In the 21st century, many genealogists are turning to cutting-edge DNA technology to answer old family history mysteries. The process is becoming more and more affordable. DNA testing can help you sort out which people that you are and are not related to. It can help you break through brick walls that cannot be solved through a study of historical documents. Many Americans are taking advantage of this new technology to discover where their immigrant ancestors originated. The amazing thing is that 100,000s of people have already participated in genetic genealogy studies and all you may have to do to benefit from what they’ve discovered is visit a few websites.
One of the most popular commercial DNA companies, FamilyTreeDNA, is a good place to start. One of the great things about FamilyTreeDNA is they publicly display results for families that have been tested (identities of living people are not compromised as participants are usually identified by testing kit numbers or by earliest-known ancestors). Simply search for your surname on their website http://www.familytreedna.com/
If your surname has been tested, it will display on the results page:
Projects are available for 1000s of surnames. Some projects host their websites on the DNA company’s site, while others have their own private websites. For the Murphy project, the results are posted on FamilyTreeDNA:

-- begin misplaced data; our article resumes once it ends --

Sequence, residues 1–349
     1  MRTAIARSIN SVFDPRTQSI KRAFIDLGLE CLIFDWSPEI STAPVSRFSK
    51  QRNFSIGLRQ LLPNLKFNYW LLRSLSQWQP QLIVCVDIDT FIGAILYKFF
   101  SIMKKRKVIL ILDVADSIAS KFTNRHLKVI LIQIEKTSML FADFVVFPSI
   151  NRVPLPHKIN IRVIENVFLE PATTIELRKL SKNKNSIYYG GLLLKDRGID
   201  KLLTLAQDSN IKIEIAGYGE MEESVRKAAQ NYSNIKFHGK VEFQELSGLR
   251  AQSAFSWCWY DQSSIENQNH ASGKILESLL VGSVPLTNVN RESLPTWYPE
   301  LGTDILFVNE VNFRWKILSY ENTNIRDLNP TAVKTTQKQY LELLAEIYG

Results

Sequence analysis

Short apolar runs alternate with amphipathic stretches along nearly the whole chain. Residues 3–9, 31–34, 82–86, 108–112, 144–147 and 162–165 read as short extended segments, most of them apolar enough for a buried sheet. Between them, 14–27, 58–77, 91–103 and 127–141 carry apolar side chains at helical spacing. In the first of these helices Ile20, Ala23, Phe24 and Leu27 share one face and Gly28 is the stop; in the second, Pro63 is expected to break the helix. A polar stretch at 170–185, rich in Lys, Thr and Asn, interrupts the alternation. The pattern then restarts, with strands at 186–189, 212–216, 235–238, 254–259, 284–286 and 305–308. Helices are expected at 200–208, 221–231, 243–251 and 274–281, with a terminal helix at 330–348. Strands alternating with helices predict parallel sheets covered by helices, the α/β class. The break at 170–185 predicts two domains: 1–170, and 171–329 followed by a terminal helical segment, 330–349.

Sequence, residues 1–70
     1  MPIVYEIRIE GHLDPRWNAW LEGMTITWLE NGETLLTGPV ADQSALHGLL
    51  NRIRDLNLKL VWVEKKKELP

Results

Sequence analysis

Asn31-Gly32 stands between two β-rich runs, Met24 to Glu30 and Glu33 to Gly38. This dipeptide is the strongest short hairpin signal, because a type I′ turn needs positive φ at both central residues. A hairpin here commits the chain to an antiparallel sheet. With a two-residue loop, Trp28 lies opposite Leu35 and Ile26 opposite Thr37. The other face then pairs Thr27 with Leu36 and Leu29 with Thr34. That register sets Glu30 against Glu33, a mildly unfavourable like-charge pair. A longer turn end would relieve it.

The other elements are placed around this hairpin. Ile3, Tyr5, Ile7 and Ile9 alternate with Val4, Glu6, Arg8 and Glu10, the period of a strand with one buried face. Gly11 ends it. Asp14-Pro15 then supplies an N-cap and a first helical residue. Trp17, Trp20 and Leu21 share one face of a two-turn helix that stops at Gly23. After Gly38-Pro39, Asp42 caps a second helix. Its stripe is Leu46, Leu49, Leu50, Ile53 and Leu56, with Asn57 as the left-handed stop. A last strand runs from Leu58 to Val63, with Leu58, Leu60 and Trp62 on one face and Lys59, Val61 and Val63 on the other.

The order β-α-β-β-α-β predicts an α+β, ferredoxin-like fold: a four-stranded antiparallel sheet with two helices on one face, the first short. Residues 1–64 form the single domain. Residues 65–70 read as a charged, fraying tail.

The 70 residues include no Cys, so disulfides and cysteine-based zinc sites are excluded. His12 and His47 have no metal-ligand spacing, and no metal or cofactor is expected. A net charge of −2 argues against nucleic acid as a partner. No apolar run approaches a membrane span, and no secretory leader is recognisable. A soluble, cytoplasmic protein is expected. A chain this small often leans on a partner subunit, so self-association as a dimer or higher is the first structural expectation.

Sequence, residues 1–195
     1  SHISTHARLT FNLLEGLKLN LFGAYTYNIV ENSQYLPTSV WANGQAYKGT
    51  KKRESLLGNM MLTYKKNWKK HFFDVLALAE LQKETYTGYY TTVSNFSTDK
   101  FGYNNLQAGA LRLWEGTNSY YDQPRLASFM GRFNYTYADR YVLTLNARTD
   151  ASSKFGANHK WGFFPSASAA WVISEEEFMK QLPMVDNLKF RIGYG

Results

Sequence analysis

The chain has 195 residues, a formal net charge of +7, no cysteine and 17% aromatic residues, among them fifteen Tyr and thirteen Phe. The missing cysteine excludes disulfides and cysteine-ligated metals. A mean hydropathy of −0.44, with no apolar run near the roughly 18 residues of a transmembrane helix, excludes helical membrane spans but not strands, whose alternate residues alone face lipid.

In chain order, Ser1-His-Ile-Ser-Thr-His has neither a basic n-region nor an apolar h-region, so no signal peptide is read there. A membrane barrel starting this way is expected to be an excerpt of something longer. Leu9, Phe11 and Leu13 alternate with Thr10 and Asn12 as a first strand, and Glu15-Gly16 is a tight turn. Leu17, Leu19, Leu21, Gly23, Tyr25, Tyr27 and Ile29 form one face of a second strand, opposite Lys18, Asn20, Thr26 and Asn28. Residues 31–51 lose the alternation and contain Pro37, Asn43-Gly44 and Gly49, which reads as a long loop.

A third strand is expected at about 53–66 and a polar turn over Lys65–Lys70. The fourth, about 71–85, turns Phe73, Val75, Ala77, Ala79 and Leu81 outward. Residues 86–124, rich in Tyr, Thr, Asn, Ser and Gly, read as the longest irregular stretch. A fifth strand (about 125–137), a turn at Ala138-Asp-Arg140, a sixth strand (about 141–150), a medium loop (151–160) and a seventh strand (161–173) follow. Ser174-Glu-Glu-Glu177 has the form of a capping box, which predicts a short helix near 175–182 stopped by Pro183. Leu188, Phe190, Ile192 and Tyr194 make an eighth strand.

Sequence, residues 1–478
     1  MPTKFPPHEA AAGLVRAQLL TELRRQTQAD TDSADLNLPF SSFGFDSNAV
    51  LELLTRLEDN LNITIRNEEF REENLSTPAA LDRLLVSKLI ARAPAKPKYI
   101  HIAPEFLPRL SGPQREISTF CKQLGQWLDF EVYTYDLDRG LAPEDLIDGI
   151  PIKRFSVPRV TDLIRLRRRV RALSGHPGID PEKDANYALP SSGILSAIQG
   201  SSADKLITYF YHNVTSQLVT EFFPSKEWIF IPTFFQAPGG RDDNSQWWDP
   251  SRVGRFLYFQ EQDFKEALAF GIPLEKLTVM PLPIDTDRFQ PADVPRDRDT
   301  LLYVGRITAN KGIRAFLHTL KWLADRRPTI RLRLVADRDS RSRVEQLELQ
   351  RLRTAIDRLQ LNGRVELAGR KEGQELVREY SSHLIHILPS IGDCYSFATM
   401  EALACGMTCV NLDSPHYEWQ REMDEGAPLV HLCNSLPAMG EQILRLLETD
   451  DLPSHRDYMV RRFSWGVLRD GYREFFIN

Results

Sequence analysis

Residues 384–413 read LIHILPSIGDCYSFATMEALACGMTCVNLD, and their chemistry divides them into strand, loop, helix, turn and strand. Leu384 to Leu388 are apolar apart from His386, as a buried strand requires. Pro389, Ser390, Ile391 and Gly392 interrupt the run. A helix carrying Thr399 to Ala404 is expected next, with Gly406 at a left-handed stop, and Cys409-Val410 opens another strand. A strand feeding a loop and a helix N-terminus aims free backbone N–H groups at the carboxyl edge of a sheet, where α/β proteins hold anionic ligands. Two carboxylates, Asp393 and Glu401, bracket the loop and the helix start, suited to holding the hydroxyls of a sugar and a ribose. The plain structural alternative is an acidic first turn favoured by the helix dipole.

Pull down the drop-down list and select “Colorized” Y-DNA Results option:
In the results table, I can identify my family because I know my earliest-known Murphy ancestor was William Murphey who was born about 1720 and lived in Henry County, Virginia:
So, what have I learned? Murphys in Blue Haplotype B are my relatives. The matches from County Cork, Ireland are interesting, because our family tradition is that our Murphys were from County Cork. I am not related to the Murphys in Yellow Haplotype A, Green Haplotype C, or Pink Haplotype D, so I don’t need to investigate their pedigrees to see if I can find a connection.
To learn more about how DNA testing works, watch this RootsTech video.
Have fun looking for your surnames and families!